4. Conclusion

In summary, pulmonary embolism caused by E. granulosus should be considered in patients who have undergone surgery for hepatic or cardiac cyst removal, especially in regions where echinococcosis is endemic [8].

The case reported is an example of a hydatid hepatic cyst, resulting in a secondary (pulmonary) hydatidosis and massive bilateral hydatid embolization incidentally discovered after an abdominal minor trauma, by means of computed tomographic chest and abdominal imaging. Consideration of this uncommon manifestation of hydatid disease will allow for its diagnosis and treatment and may avert life-threatening recurrent emboli.

Conflicts of Interest

The authors declare that there are no conflicts of interest regarding the publication of this paper.

References

  1. H. Aletras and P. N. Symbas, “Hydatid disease of the lung,” in General Thoracic Surgery, T. W. Shields, J. LoCicero, and R. B. Ponn, Eds., pp. 1113–22, Lippincott Williams and Wilkins, Philadelphia, Penn, USA, 5th edition, 2000. View at Google Scholar
  2. V. Akgun, B. Battal, B. Karaman, F. Ors, O. Deniz, and A. Daku, “Pulmonary artery embolism due to a ruptured hepatic hydatid cyst: clinical and radiologic imaging findings,” Emergency Radiology, vol. 18, no. 5, pp. 437–439, 2011. View at Publisher · View at Google Scholar · View at Scopus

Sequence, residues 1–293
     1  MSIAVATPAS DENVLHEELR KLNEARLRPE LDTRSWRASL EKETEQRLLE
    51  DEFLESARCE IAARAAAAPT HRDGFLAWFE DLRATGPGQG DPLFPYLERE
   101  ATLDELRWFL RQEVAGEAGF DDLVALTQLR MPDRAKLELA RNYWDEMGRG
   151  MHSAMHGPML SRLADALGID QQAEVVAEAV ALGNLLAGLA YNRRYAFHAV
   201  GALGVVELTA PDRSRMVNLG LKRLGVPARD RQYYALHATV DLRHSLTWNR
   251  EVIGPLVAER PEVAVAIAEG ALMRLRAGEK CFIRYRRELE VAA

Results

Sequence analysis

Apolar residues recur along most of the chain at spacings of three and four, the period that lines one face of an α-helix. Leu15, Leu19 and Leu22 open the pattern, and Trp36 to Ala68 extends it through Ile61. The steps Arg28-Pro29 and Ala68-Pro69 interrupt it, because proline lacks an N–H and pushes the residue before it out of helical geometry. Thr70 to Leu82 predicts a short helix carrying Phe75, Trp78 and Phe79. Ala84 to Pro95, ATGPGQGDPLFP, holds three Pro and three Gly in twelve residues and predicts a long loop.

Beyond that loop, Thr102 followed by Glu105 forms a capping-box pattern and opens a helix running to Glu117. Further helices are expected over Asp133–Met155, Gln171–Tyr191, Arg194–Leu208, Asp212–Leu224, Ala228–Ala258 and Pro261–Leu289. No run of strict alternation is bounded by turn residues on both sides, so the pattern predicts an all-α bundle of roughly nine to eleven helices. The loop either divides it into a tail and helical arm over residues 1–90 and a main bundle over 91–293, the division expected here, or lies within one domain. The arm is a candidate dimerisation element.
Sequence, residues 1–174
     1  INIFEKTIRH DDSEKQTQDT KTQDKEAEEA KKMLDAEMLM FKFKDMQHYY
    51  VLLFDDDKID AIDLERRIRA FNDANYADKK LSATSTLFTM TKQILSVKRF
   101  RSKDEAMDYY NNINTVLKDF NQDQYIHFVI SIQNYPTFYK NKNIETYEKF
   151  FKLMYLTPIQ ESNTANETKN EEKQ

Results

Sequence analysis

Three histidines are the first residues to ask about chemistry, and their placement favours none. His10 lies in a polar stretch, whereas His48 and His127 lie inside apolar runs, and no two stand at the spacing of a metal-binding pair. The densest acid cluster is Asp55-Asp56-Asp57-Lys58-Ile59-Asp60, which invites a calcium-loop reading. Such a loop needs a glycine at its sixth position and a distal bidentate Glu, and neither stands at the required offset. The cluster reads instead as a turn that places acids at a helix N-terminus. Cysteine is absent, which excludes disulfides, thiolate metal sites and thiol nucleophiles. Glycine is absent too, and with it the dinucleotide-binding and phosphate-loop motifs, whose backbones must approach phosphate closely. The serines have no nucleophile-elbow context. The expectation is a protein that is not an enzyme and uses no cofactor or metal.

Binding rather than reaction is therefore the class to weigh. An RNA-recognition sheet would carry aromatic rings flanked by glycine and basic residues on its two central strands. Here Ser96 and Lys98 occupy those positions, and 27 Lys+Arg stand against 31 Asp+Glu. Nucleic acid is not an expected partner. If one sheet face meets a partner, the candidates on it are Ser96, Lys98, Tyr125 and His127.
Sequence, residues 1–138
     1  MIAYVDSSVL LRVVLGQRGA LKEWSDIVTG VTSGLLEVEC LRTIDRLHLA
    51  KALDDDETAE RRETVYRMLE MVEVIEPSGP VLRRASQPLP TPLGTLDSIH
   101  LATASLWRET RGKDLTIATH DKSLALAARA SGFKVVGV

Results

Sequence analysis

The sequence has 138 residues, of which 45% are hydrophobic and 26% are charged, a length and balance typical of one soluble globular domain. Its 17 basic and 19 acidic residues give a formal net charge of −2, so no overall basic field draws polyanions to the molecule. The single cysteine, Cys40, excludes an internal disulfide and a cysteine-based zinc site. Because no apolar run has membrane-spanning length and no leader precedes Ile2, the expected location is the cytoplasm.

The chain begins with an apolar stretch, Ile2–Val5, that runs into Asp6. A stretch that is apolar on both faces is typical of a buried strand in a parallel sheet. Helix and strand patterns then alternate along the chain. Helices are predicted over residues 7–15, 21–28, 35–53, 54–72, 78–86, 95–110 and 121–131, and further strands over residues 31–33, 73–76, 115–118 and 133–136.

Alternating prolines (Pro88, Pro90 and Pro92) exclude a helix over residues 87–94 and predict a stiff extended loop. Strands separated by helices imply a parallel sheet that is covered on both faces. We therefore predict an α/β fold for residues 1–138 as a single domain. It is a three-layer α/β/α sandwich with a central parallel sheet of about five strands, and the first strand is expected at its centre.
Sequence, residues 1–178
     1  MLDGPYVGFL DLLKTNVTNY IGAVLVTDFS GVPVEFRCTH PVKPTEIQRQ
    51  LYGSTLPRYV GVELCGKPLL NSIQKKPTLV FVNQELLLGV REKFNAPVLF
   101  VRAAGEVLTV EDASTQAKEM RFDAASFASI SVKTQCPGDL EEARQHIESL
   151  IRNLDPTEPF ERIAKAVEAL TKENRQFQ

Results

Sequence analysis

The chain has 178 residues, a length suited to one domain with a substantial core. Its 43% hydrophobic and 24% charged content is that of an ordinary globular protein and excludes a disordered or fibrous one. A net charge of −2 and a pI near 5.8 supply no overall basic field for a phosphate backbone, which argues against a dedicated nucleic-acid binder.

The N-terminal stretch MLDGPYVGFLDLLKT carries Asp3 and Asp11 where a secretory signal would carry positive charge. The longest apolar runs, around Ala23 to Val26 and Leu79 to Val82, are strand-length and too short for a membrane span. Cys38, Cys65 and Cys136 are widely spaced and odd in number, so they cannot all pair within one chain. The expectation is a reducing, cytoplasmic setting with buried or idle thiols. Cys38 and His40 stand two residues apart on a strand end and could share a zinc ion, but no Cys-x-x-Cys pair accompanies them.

3. A. Tärnvik and L. Berglund, “Tularaemia,” European Respiratory Journal, vol. 21, no. 2, pp. 361–373, 2003. View at Publisher · View at Google Scholar · View at Scopus
  4. G. J. Smith, S. Irons, and A. Schelleman, “Hydatid pulmonary emboli,” Journal of Medical Imaging and Radiation Oncology, vol. 45, no. 4, pp. 508–511, 2001. View at Publisher · View at Google Scholar · View at Scopus
  5. A. Lioulias, C. Kotoulas, J. Kokotsakis, and M. Konstantinou, “Acute pulmonary embolism due to multiple hydatid cysts,” European Journal of Cardio-Thoracic Surgery, vol. 20, no. 1, pp. 197–199, 2001. View at Publisher · View at Google Scholar · View at Scopus
  6. O. K. Aribas, F. Kanat, E. Turk-Aribas, I. Erayman, and T. Yuksek, “Embolisation of hydatid cysts in the pulmonary artery presenting with haemoptysis,” The Netherlands Journal of Medicine, vol. 65, no. 3, pp. 109–111, 2007. View at Google Scholar · View at Scopus
  7. O. Toumi, R. Salem, S. B. Jabra, G. Abdesslem, F. Noomen, and AA. Hamdi, “Pulmonary Embolism as a Rare Complication of Liver Hydatid Cyst: Two Case Reports,” Iran J Med Sci Edited Final, vol. (27.1.96) 10_CR.
  8. R. Salem, A. Zrig, S. Joober et al., “Pulmonary embolism in echinococcosis: Two case reports and literature review,” Annals of Tropical Medicine and Parasitology, vol. 105, no. 1, pp. 85–89, 2011. View at Publisher · View at Google Scholar · View at Scopus